Whether her humor has been directed at herself over the years or outward, bluntness and honesty are Joan Rivers’ trademarks. It shouldn’t be a surprise then that a documentary about a year in her life would be equally direct, but when we see her 76-year-old, surgery-altered face in close up before the layers of daily makeup are applied, it’s a little shocking. It’s also a hint that we’re about to see a side of Rivers we haven’t really seen before. Alternately moving and hilarious, Joan Rivers: A Piece of Work touches on big topics like the fear of aging and of being a woman in a male dominated industry, but it’s also a more personal look at what drives one woman to seek out a life on stage in front of an audience and at what cost.
Filmmakers Ricki Stern and Annie Sundberg alternate between archival footage, direct interviews with Rivers and the people closest to her, and fly-on-the-wall observations of the comedienne as she goes about her days, booking and performing stand up gigs in tiny clubs, hawking her wares on QVC or working on an autobiographical play about her life. Along the way we get the highlights and lowlights of Rivers’ life and career over her 50 plus years in the entertainment industry; most importantly her rise and eventual falling out with mentor Johnny Carson and her subsequent ill-fated late night talk show which led to the death of her husband Edgar and put her career into a tailspin from which she’s never completely recovered. What finally emerges is the picture of a completely career-driven woman who could probably retire comfortably but who would rather die than stop clawing and fighting.
One area that is only touched on lightly is the extreme amount of plastic surgery Rivers has undergone over the years. The reasons for it are never explicitly stated, yet everything we learn about her points to a deep insecurity that has not only fueled her great success, it has also left her feeling empty, inadequate and unsatisfied. It’s admirable to see how much drive and vigor Rivers still has at 76, but it’s also unsettling to see the emptiness that feeds it. Whether she’s getting heckled at a club in Nowheresville Wisconsin, being humiliated at a celebrity roast on national television or debasing herself on a run of Celebrity Apprentice (the only way she could get back on NBC, the network that disowned her after the Carson fiasco), there seems to be nothing Rivers won’t do to stake out her little corner of the spotlight. A large part of her motivation is money, but in her world, how much you get paid is a function of how much you’re loved.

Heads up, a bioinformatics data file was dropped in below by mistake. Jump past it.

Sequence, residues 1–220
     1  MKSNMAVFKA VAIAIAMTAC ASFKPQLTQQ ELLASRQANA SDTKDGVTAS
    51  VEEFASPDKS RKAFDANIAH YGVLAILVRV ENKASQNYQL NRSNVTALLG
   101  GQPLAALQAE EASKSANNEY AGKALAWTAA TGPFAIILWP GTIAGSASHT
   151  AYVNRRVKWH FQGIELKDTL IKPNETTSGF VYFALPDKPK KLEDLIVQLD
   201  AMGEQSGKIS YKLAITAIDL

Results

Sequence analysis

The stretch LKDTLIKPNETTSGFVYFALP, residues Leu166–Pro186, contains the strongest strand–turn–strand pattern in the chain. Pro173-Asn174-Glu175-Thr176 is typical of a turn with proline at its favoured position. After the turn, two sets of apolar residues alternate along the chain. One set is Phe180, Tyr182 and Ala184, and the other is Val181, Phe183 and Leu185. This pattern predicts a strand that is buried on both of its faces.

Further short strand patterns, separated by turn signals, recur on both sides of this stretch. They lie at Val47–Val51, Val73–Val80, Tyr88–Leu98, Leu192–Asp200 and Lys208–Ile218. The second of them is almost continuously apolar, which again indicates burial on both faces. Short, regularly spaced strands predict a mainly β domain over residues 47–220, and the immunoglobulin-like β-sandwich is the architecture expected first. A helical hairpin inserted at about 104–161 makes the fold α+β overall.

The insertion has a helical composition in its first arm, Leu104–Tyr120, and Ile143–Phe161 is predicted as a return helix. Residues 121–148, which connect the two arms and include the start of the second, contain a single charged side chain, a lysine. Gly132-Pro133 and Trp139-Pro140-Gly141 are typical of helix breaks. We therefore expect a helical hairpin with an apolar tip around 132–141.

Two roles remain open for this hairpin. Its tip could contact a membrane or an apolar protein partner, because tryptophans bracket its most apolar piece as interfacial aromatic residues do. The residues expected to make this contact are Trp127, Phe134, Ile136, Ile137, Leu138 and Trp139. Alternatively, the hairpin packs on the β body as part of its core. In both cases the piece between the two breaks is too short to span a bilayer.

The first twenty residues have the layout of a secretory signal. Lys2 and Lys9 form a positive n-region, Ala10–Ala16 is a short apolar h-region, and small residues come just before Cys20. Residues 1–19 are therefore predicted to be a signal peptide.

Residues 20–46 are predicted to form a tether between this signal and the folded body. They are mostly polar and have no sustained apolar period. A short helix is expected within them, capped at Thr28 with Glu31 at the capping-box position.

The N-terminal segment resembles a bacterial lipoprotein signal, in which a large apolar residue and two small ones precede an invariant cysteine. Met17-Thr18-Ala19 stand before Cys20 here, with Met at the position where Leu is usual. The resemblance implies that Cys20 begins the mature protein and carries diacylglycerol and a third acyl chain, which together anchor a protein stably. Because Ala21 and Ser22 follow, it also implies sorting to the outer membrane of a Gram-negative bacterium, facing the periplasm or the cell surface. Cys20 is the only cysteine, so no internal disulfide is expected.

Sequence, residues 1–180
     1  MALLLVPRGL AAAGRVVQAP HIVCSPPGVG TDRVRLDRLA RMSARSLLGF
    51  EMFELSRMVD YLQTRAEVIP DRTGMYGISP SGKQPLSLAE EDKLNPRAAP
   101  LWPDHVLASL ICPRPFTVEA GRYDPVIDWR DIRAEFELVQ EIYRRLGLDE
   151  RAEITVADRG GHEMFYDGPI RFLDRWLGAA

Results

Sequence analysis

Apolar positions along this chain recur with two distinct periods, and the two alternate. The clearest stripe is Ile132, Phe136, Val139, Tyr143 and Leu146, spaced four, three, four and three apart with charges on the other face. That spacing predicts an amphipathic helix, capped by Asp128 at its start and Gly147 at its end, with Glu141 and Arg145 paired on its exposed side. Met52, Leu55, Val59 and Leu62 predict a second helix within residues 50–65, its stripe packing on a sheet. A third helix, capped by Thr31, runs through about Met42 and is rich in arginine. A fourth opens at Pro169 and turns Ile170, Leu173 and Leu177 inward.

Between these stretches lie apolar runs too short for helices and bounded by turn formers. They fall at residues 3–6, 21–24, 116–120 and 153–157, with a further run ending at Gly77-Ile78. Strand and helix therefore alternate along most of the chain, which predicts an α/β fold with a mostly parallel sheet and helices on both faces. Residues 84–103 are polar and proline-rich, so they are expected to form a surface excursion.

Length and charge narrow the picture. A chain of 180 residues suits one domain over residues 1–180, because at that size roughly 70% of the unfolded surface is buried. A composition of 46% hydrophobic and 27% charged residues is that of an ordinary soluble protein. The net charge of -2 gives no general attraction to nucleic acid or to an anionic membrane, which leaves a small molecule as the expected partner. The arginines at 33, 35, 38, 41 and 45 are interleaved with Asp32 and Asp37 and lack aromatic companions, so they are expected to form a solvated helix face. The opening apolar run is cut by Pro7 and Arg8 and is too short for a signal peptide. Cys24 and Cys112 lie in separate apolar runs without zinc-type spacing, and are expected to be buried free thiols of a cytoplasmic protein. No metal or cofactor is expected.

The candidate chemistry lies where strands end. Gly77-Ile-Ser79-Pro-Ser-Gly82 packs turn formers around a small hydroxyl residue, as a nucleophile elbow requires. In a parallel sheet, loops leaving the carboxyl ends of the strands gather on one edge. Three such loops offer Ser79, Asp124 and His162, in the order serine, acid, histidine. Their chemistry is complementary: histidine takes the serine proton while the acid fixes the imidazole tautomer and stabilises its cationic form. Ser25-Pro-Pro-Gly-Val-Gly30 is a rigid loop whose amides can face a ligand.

It’s all a little depressing, but at the same time Rivers is still very funny and even more crude and irascible. She does a bit about her daughter Melissa’s resistance to pose topless in Playboy for example that is hilarious and all the more shocking coming out of the mouth of a mother. Rivers’ omnipresent humor protects her even as it flows forth from the darkest parts of her personality and no subject is sacred as she bluntly explains to the Wisconsin heckler.
If you only know Rivers from her famously acerbic red carpet commentary on E! or the TV Guide Channel in the 1990s, A Piece of Work offers a surprising side of a familiar face. For those of us who remember her in her heyday, it’s a partially comforting reminder of what we always liked about her before the plastic surgery and cheesy TV appearances. Though her naked desperation to succeed disturbs, Joan is still Joan. She’s as funny as ever and clearly will be for as long as she can find an audience.
Joan Rivers: A Piece of Work. USA 2010. Written and directed by Ricki Stern and Annie Sundberg. Cinematography by Charles Miller with additional cinematography by Seth Keal, Guy Mossman and William Rexer II. Music score composed by Paul Brill. Edited by Penelope Falk. With Joan Rivers, Kathy Griffin, Melissa Rivers, Jon Stewart, Richard Belzer, Denis Leary, Gary Shandling, Lily Tomlin, Bill Maher, Brad Garrett and Don Rickles. 1 hour 24 minutes. MPAA rated R for language and sexual humor. 4 stars (out of 5)
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Tags: Annie Sundberg, Bill Maher, Brad Garrett, Charles Miller, Denis Leary, Don Rickles, Gary Shandling, Guy Mossman, Joan Rivers, Joan Rivers - A Piece of Work, Jon Stewart, Kathy Griffin, Lily Tomlin, Melissa Rivers, Paul Brill, Penelope Falk, Richard Belzer, Ricki Stern, Seth Keal, William Rexer II